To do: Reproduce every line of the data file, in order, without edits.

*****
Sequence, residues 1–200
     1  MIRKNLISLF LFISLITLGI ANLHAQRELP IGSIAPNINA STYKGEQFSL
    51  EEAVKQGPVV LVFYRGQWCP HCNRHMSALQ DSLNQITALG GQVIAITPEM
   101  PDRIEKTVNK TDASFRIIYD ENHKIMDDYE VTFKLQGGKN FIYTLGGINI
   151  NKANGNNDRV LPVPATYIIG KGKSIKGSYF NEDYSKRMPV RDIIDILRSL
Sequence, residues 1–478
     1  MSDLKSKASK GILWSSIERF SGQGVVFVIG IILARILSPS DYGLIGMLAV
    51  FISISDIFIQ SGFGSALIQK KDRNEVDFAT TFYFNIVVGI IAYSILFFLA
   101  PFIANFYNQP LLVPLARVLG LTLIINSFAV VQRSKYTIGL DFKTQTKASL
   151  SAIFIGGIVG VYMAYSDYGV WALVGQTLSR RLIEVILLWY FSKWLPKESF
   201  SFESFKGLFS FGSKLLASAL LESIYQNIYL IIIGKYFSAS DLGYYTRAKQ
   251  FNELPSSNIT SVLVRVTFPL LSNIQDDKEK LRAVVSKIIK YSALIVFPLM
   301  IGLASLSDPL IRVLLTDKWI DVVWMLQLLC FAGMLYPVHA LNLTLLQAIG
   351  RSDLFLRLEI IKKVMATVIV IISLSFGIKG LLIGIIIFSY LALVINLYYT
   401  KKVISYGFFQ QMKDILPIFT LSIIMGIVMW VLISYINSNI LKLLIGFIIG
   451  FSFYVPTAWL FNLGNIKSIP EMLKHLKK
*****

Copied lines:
Sequence, residues 1–200
     1  MIRKNLISLF LFISLITLGI ANLHAQRELP IGSIAPNINA STYKGEQFSL
    51  EEAVKQGPVV LVFYRGQWCP HCNRHMSALQ DSLNQITALG GQVIAITPEM
   101  PDRIEKTVNK TDASFRIIYD ENHKIMDDYE VTFKLQGGKN FIYTLGGINI
   151  NKANGNNDRV LPVPATYIIG KGKSIKGSYF NEDYSKRMPV RDIIDILRSL
Sequence, residues 1–478
     1  MSDLKSKASK GILWSSIERF SGQGVVFVIG IILARILSPS DYGLIGMLAV
    51  FISISDIFIQ SGFGSALIQK KDRNEVDFAT TFYFNIVVGI IAYSILFFLA
   101  PFIANFYNQP LLVPLARVLG LTLIINSFAV VQRSKYTIGL DFKTQTKASL
   151  SAIFIGGIVG VYMAYSDYGV WALVGQTLSR RLIEVILLWY FSKWLPKESF
   201  SFESFKGLFS FGSKLLASAL LESIYQNIYL IIIGKYFSAS DLGYYTRAKQ
   251  FNELPSSNIT SVLVRVTFPL LSNIQDDKEK LRAVVSKIIK YSALIVFPLM
   301  IGLASLSDPL IRVLLTDKWI DVVWMLQLLC FAGMLYPVHA LNLTLLQAIG
   351  RSDLFLRLEI IKKVMATVIV IISLSFGIKG LLIGIIIFSY LALVINLYYT
   401  KKVISYGFFQ QMKDILPIFT LSIIMGIVMW VLISYINSNI LKLLIGFIIG
   451  FSFYVPTAWL FNLGNIKSIP EMLKHLKK